Folk influence is more explicitly important in the structure and scoring of the Vigil, whose ‘block harmonies’ are regularly interrupted by a form of vocal counterpoint that, unlike fugal or canonic devices, is drawn directly from Russian choral folk singing, in particular that form of improvised descant known as ‘counter-voice polyphony’ (it can be heard in abundance in numbers 2, 4, 5, 9 and 11 among others).

This relative freedom from ecclesiastical constraints evidently reflects the fact that, notwithstanding a deepening personal faith in later life, Rachmaninov was emphatically no churchman. Quite the contrary: he regularly refused to attend confession until the obligatory preparation for marriage rites, at which point he further invited the Church’s displeasure by taking as his bride his first cousin Natalya Satina, in a union forbidden by Russian canon law. (The marriage lasted a lifetime.)

Yet what Rachmaninov may have lacked in liturgical and ecclesiastical authority was, in the genesis of the All-Night Vigil, more than compensated by his devotion to the sound of sacred singing in Orthodox cathedrals and, especially, to church bells, which peal out both here and in many other compositions. In his own words: ‘All my life I have taken pleasure in the differing moods and music of gladly chiming and mournfully tolling bells. This love for bells is inherent in every Russian.’ Bells make notable appearances at key choral climaxes – the alleluias late in no. 9 ‘Blessed art Thou O Lord,’ for instance, and a veritable carillon at Slava, Slava (‘glory, glory,’ said to recall the sound-world of Giovanni Gabrieli) in the opening of Matins at no. 7, together with its relative-minor reprise in no. 12, ‘The Great Doxology.’ Throughout the work, textures and dynamics play structural roles, through which Rachmaninov endlessly re-forms his source material. The tonal ranges are for the most part unremarkable, except for the basses’ regular expeditions down to low Cs and B flats – men with such vocal capacity would be ‘as rare as asparagus at Christmas,’ opined the anxious conductor of the work’s premiere in Moscow in March 1915. The sopranos’ top B flats seem almost leisurely by comparison, although they mark a summit four full octaves above the chorus’s foundation stone, and when – as in the Magnificat – they suddenly soar from nowhere above the lower voices it is, as Max Harrison puts it, ‘as if light pours in, as if the roof had been lifted off the cathedral.’ Such climaxes also emphasise the tenderness of the final phrases that close each number: numbers 12 and 15 end piano, and all the others finish pianissimo or quieter.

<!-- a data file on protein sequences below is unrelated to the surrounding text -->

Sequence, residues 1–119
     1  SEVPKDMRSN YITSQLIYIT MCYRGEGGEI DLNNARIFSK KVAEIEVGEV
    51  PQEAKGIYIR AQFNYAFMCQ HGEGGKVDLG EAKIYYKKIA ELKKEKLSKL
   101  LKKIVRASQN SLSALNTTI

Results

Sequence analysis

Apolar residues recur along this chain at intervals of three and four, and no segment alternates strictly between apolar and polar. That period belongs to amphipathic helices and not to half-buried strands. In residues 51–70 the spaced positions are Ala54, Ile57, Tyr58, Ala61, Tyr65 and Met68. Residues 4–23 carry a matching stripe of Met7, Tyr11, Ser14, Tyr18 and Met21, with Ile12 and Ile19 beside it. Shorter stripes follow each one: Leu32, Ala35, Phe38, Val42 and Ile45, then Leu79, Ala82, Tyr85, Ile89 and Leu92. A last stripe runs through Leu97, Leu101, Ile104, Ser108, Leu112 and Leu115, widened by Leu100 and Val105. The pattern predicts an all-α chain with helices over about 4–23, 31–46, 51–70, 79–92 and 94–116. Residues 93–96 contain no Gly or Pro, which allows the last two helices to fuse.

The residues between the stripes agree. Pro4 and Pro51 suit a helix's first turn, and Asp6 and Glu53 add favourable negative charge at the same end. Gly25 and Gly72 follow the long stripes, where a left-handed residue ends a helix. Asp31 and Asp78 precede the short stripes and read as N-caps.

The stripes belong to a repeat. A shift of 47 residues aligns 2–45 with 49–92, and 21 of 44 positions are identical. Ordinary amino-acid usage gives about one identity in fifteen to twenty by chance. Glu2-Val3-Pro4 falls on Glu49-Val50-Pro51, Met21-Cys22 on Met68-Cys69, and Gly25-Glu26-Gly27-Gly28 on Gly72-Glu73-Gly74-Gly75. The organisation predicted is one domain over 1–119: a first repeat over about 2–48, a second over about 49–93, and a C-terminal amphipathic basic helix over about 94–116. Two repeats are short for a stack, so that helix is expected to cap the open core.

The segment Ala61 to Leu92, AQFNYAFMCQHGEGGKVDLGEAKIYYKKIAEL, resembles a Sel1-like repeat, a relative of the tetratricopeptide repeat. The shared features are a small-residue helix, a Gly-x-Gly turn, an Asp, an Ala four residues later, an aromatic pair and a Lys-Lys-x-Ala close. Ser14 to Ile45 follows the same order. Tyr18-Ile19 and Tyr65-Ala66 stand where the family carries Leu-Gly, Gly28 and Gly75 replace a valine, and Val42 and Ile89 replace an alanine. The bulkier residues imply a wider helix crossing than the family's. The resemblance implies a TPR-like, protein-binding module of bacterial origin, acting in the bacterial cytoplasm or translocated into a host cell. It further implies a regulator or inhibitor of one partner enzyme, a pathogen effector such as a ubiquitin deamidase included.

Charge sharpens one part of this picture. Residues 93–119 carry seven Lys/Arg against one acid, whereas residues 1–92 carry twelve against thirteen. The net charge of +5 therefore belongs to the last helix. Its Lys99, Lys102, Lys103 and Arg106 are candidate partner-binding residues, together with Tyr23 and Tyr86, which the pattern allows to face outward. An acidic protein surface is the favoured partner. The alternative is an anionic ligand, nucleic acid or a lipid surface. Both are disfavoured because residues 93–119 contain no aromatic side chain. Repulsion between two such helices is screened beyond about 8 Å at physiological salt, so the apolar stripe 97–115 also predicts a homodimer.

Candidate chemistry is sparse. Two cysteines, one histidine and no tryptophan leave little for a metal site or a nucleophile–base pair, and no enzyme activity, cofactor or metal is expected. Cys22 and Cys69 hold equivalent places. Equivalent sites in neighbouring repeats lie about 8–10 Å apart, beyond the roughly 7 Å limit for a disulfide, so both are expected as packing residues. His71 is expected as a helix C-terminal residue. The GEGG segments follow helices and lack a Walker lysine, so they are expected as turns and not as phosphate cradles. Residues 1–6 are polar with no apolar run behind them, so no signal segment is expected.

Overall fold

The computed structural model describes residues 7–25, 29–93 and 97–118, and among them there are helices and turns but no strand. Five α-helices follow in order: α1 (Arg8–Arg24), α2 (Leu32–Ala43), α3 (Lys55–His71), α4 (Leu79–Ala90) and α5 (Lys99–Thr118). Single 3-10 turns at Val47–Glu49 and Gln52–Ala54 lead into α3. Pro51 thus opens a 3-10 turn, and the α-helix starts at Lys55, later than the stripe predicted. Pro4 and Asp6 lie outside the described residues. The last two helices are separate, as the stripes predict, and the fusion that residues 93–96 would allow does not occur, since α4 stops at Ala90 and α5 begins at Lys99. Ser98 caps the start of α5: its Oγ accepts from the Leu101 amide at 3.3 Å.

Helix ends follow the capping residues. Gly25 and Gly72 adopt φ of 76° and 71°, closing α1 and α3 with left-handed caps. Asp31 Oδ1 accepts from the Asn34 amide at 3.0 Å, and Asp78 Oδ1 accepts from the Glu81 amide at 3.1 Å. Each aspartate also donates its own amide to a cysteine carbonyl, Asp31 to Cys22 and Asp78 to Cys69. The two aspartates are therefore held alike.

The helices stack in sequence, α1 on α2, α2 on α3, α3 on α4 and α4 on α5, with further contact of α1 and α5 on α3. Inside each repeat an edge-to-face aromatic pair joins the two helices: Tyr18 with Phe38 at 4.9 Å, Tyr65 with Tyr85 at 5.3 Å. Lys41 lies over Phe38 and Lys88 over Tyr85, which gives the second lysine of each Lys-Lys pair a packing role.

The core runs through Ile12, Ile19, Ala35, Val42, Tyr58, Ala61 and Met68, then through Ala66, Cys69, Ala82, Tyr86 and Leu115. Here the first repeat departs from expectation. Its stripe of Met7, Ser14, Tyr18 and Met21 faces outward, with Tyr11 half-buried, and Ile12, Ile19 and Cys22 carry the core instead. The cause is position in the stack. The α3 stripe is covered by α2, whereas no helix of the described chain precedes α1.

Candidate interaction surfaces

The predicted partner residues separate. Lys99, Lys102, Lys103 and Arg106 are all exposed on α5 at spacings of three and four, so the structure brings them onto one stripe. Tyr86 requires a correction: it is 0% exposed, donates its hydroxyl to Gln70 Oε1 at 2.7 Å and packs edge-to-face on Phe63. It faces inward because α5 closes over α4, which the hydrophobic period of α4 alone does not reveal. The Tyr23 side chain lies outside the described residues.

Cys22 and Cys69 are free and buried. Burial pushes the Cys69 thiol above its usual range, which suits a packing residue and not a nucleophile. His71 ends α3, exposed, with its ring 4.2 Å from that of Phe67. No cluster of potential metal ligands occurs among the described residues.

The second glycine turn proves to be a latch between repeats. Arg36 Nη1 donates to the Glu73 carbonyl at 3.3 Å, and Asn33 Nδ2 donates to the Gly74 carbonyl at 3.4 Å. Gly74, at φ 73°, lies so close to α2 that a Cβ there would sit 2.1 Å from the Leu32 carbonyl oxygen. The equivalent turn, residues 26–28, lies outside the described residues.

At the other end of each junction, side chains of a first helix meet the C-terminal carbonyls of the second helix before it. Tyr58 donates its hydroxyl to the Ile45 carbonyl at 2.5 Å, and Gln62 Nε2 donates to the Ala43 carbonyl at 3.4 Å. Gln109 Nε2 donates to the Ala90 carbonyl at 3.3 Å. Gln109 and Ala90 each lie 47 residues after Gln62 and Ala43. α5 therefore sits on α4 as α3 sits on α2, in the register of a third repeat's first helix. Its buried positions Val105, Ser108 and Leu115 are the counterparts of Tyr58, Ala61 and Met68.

The first major composer to die the modern death of lung cancer from smoking, Rachmaninov wanted his favourite movement, no. 5, the Nunc Dimittis, to be sung at his funeral; sadly, it could not be done. The text –”Lord, lettest Thou Thy servant depart in peace” – seems an obvious reason for such a choice, but it is the servant’s musical treatment of his own plea that marks out the movement as special. The tenor’s beseeching solo is framed and sustained by the chorus’s lilting, rocking couplets, as though metering out the penitent’s last moments.

Too fanciful? Perhaps. Music is not a representational art, but sometimes our imaginations need pictorial release from music of such depth and intensity as the Vigil. Listen, then, to dark jewels glowing in velvet; to pealing bells; to the sound of rapturous light pouring in through a vanished roof; and to a cradle, rocking quietly at the centre of the universe. 

© Martyn Evans, March 2016